Flylords: What do you think the largest shifts in fly tying have been since you started whipping up flies as a kid?

Tom: Well, I think that in the ’70s when Swisher and Richards first came out with “Selective Trout” and their no hackle flies, and Caucci and Nastasi came up with Comparaduns, I think that was a big step where we really started seriously thinking about imitating insects. And I think we’ve gone away from that since then.

In the ’70s and the ’80s, it was all about matching the hatch and insect hatches and identifying bugs. Remarkably, the Henry’s Fork was much more crowded than it is now because that’s just a bug factory. That was a big change when we realized we didn’t have to have an expensive hackle, which was pretty shitty in those days too. The hackle we had was, I mean it would take sometimes three hackles to dye a dry fly.

Flylords: And at that point, Metz and Whiting Farms hadn’t popped onto the scene, had they?

Tom: There were a few guys, Andy Miner and Harry Darby and a few other people were raising chickens, but you had to know somebody. They were also horribly expensive, I mean they were $100 then in 1970s dollars. I was lucky enough to get to know one of the early hackle breeders Bill Tobin, who nobody’s ever heard of, but he was in Cortland, New York and he had some beautiful duns and light gingers.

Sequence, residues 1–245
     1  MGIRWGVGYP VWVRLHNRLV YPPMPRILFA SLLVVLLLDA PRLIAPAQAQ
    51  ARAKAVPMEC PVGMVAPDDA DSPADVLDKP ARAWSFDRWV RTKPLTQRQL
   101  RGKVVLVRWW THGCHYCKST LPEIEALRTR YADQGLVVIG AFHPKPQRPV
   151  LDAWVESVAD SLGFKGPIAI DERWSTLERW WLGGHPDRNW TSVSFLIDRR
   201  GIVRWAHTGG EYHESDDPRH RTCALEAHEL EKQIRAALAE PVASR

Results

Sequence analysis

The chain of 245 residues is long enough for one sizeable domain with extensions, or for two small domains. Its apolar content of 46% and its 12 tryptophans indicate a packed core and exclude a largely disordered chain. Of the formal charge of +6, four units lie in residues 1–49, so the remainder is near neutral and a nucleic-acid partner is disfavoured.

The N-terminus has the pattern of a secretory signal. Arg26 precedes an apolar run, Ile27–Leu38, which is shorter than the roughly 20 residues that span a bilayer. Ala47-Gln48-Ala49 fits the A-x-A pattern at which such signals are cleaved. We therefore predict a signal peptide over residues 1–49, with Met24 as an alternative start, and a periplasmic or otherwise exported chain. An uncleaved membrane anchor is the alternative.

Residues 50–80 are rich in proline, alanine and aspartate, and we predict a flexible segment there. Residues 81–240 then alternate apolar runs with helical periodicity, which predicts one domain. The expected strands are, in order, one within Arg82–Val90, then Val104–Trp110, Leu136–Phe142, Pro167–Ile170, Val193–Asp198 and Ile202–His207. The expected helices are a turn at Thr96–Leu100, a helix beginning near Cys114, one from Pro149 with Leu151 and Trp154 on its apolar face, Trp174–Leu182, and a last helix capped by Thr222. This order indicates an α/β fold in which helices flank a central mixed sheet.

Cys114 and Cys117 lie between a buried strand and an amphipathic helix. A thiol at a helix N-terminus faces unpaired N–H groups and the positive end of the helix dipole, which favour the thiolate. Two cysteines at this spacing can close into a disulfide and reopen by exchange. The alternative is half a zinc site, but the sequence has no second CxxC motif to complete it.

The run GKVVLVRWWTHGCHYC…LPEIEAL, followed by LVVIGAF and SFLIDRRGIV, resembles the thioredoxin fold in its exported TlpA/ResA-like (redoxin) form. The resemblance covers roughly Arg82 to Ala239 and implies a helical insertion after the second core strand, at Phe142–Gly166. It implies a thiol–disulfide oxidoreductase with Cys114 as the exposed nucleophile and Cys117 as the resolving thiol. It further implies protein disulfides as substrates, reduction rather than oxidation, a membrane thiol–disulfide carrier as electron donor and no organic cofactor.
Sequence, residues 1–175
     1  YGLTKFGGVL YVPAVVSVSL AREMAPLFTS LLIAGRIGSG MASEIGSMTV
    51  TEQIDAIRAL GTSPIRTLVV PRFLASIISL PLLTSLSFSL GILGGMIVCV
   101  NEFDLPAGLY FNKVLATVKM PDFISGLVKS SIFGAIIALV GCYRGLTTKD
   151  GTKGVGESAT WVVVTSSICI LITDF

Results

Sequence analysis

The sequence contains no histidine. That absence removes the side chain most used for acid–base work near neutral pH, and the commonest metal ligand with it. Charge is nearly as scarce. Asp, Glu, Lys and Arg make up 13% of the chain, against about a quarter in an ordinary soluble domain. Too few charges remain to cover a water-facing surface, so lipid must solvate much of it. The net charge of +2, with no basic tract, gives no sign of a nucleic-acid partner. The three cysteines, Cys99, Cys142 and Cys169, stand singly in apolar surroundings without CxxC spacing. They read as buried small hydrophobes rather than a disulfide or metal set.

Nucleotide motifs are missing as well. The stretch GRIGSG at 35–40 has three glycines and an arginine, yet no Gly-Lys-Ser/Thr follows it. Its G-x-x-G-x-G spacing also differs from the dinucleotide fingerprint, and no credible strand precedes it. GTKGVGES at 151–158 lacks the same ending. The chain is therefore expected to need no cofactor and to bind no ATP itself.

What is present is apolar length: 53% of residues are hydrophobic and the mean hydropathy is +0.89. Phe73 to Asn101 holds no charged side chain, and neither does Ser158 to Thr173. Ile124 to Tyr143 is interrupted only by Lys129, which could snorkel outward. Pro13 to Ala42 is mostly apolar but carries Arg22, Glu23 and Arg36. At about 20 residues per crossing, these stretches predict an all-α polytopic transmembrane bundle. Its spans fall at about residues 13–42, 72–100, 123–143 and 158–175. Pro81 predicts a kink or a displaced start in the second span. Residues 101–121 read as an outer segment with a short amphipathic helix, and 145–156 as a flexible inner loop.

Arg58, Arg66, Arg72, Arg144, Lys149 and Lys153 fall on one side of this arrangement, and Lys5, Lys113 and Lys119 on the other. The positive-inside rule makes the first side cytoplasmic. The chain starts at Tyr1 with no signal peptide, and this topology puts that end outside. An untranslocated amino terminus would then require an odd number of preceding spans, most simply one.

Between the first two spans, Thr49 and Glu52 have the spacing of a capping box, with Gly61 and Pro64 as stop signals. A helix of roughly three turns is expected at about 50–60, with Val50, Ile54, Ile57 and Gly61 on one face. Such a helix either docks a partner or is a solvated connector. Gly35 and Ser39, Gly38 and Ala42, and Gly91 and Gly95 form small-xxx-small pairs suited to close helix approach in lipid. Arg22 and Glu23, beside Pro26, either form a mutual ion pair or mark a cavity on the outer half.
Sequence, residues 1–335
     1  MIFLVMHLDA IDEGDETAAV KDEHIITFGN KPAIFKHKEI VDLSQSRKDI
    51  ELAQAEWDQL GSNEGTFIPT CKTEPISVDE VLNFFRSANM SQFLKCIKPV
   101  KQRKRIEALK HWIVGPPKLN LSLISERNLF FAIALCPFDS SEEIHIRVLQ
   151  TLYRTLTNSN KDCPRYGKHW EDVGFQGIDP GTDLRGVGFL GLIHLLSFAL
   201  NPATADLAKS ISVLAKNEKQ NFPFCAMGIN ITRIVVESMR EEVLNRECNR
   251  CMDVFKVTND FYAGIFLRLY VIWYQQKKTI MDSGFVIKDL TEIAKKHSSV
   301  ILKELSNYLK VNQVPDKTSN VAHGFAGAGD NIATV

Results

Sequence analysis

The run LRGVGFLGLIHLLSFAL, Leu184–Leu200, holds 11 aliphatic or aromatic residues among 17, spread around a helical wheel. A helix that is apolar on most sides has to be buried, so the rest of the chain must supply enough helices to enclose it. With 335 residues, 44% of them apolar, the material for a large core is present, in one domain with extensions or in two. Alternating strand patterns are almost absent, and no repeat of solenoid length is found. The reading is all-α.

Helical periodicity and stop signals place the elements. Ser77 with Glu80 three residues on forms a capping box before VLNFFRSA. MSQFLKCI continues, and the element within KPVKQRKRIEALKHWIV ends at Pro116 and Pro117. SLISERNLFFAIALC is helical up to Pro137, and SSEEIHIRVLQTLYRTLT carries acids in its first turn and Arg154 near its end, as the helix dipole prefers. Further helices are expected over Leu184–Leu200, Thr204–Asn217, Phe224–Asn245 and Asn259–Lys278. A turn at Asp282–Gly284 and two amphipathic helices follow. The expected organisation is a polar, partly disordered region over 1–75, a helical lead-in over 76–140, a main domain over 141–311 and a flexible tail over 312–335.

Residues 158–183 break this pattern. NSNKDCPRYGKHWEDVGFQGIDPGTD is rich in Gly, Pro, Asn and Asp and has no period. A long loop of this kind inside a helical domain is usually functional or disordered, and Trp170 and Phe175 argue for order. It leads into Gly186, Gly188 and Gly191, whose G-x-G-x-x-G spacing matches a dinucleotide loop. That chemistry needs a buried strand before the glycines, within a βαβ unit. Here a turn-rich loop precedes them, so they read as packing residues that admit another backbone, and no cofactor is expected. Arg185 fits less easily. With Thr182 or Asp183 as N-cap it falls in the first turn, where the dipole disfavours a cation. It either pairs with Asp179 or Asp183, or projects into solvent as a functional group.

When I was in college, I got to know Bill and of course and then Mets came him along and really changed the hackle business and then later Hoffman, and Tom Whiting, and Bill Keo, another really great hackle breeder. I’ve been lucky enough to know most of those people.

I think the no hackle style or the more emerger style of dry flies was a big thing. You no longer needed a fully-hackled Catskill dry to catch fish, in fact, the other flies often worked better.

Bead heads also changed everything, I mean, the nymph game has changed so much. In those days, I mean, when I first learned how to fish nymphs it was floating lines straight upstream, not necessarily to visible fish, but you watch the tip of your floating line. Nobody had strike indicators, nobody really knew about them.

So, I’d say strike indicators and then beaded nymphs really changed the game and made it really more accessible to lots of people. I mean, nymphing then was a dark art. People didn’t know how to do it and they didn’t trust it. And you could be pretty effective, but not many people practiced it.

Flylords: What would you regard as the birthplace of American fly fishing?

Tom: Technically, Pennsylvania sounds more like the birthplace based on the history that there were people fly fishing in Pennsylvania before the Catskills, but the Catskills was mostly a bunch of wealthy New York guys. They had those private clubs and went to Harry Darby’s shop and bartered for flies. That’s really where we got a lot of our traditions from. And a lot of it was borrowed from the English, obviously.